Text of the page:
I love mushrooms. They're strange, beautiful, alien creatures and usually a common motif in my own work. They are such a contrast-- cute, but deadly; delicate, but powerful.
I also love eating them although that happens not so commonly. In contrast to the Tokyo supermarkets being full of many different freshly wrapped shrooms ready for the evening table hotpot, a Danish shop only carries champignons. If you're lucky.
So when my Mile High (Dining) Club friend asked if I wanted to go mushroom hunting this Sunday, I was excited. Our plan was to find yellow chanterelles or some other edible mushroom to make our own Scandinavian version of okonomiyaki.
The food hunting destination was a classic Sunday walking scene for Copenhageners: the old Dyrehaven north of the city, only 20 minutes on the local train. Not the best day to go hunting as it was terribly crowded with straight breeders and their larvae, noisy jogging jerks and gay horse riders with a serious attitude.
However, if you walk long enough you eventually get rid of the plebs and can retract into the amazingly beautiful fall scenes of red, orange and gold.
You're never alone though. Dyrehaven is inhabited by Bambi and his family in great numbers. Walking around is like being in a 1940's Disney movie. Deers everywhere grassing, mating and fighting-- it's honestly quite entertaining watching the stags howl, stomp their feet and crash their antlers into each other. This one's got his eye on you:
The lonesome warrior:
So back to the hunting. Which did not turn out well.
I'm not sure whether it's because we're in late October or because the first 17,000 Retired Lady Mushroom Picker Clubs have vacuumed the entire forest floor every weekend since August. But the place was a ghost town in a manner of fungal speaking.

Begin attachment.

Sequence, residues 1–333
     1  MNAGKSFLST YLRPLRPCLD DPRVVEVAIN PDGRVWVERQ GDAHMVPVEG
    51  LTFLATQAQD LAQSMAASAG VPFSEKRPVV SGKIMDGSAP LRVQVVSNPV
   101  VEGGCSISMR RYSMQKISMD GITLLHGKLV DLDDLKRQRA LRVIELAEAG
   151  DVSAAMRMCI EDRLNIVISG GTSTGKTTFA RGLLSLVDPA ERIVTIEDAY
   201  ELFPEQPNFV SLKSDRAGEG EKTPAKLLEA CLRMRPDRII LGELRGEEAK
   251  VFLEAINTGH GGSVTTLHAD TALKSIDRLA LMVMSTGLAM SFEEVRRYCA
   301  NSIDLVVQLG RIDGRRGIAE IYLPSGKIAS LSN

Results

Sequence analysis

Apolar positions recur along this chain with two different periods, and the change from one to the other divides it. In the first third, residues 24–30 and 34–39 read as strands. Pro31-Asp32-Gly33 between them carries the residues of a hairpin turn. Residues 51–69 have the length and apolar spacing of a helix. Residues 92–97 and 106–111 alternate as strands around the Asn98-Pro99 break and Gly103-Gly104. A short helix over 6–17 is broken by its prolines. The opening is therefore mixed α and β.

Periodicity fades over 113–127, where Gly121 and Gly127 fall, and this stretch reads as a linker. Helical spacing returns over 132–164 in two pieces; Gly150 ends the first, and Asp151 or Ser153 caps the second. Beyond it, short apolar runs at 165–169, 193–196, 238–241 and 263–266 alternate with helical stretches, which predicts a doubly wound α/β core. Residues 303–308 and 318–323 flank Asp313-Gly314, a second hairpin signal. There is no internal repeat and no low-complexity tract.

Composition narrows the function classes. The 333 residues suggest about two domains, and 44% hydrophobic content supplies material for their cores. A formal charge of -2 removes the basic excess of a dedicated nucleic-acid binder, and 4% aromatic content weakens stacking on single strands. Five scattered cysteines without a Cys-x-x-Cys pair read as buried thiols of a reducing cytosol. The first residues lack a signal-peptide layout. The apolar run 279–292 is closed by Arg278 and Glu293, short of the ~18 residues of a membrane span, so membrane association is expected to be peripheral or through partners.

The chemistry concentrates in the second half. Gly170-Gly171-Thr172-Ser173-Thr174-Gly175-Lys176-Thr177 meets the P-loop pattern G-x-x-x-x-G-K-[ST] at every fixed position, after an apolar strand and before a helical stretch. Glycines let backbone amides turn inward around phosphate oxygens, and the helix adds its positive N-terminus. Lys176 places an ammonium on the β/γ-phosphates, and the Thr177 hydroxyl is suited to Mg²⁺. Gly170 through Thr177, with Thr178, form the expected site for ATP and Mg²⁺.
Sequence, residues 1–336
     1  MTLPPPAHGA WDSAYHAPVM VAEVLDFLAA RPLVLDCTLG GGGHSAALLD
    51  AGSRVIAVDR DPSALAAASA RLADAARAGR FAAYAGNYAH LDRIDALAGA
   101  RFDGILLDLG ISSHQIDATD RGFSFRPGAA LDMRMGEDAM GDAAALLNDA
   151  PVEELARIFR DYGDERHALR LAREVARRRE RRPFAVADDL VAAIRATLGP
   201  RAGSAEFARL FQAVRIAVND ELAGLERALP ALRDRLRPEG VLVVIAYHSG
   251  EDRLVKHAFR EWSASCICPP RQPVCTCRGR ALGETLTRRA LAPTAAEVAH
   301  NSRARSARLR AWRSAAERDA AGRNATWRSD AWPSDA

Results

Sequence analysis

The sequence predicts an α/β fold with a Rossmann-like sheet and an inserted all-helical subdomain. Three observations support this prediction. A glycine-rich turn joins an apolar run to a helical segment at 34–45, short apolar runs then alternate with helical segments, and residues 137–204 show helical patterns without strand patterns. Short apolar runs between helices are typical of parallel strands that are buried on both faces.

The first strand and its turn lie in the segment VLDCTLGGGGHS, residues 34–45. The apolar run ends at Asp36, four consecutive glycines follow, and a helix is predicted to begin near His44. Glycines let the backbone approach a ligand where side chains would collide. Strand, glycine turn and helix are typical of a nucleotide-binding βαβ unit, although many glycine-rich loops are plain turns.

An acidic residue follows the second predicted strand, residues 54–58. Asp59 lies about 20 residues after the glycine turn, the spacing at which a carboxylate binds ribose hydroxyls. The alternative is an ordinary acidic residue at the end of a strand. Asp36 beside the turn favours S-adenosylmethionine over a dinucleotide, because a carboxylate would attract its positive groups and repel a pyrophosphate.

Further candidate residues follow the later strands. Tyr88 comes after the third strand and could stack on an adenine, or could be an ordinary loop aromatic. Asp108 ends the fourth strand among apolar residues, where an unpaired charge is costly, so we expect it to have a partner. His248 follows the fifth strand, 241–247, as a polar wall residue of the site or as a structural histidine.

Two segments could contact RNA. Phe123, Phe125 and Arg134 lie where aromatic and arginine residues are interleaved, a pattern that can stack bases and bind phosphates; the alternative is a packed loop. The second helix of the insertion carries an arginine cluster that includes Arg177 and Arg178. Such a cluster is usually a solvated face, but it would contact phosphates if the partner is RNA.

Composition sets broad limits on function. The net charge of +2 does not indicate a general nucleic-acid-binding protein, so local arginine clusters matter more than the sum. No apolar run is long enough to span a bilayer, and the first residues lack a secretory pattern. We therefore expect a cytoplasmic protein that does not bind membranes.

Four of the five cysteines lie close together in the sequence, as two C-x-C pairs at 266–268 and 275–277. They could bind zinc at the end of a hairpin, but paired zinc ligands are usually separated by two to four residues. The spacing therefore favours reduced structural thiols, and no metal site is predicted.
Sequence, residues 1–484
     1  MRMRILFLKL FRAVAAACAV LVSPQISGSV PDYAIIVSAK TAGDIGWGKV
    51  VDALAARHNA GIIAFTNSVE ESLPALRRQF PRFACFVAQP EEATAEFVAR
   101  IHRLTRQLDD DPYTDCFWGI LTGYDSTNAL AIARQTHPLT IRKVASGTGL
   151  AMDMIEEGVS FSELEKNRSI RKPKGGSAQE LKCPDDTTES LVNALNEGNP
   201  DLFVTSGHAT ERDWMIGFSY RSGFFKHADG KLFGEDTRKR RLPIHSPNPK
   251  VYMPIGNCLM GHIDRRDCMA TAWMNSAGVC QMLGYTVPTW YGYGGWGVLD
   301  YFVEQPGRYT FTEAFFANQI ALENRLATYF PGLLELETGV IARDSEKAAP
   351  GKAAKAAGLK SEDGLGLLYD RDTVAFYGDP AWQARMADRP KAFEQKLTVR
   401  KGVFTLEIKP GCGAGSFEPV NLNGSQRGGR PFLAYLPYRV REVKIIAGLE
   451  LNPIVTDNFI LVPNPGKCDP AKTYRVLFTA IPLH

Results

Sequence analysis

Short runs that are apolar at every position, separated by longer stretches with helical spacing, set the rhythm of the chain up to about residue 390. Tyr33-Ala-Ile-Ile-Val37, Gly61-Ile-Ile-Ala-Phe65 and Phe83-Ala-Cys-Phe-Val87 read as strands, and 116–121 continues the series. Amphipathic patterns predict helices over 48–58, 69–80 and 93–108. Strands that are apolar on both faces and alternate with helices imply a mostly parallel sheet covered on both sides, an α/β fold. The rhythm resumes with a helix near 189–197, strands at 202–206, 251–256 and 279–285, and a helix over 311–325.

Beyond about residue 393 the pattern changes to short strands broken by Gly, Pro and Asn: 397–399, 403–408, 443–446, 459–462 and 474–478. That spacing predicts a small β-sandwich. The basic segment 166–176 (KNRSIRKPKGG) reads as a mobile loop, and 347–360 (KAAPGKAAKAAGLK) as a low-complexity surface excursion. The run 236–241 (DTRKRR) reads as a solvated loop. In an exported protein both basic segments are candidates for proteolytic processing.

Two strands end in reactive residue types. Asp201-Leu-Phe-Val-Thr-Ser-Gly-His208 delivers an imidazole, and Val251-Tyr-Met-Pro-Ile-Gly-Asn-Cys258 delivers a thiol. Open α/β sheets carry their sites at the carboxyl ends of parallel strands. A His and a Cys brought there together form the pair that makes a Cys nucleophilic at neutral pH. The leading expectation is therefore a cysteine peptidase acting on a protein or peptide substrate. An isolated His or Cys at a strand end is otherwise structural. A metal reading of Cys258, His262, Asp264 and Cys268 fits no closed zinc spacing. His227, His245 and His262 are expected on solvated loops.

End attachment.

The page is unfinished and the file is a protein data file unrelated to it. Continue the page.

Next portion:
I have tried to determine the species using my mushroom handbook.
Mycena Plumpies. Not edible.
Tubaria Hiemalis. Not edible either.
Amanita Pantherina Krombh. Not edible and by the way deadly poisonous. Let's NOT use this on our pizza.
No idea, but I'm not eating it.
Looks like acorns but they were mushroom. Can't find it in my book. Even if they were edible, I wouldn't sign up for a chew.
Ok, time out! We went by a small hunting castle in the middle of the forest-- and today of all days, a "pølsemand" was selling "pølser"-- sausages. There are "pølsemænd" all over Denmark, it's the Danish version of the hotdog vendor, and in spite of the overflow of sushi, shawarma and pizza crap, there is still a solid clientele of sausage lovers.
One statue boob in the background for all you male heterosexual readers.
We had the classic "rød pølse med brød" (red ham sausage with white bread, sennep (mustard) and ketchup).
Back again on the hunt-- we still hadn't given up, but the forest and plains were suspiciously shroom-free.
Trametes Versicolor. Not edible.
Cute. Smells weird.
Lyxoperdon Perlatum Pers. Wow! Also known as Crystal Dust Balls, these babies are actually kinda edible according to my book.
Problem is, they look like another very poisonous species when this young. We decide not to pick them as we both want to live long enough to see the two last Happy Potter flicks. Only reason, really.
Gymnopilus Penetrans. Very fleshy, but not edible, duh.
It is around this time that we decide going to Dyrehaven for cookable mushrooms is like going to a gay bar looking for hot men (yes, it's such a cliché that gay men are pretty).
We call it day and head back through the woods toward the little train station.
But I'm not satisfied. This was a day for eating mushrooms, and so a couple of hours later, I walk down to my local Indian joint and order a Fungi Masala with rice.
Behold! A real edible, cookable unposionous (I hope) mushroom.
That's right, you little fucker. You and your family are done draggin us around for fungal treasure, this is your final stop.
Next time I'm in those woods, I'll skip the shroom collecting and be the trendy gay on the horse instead.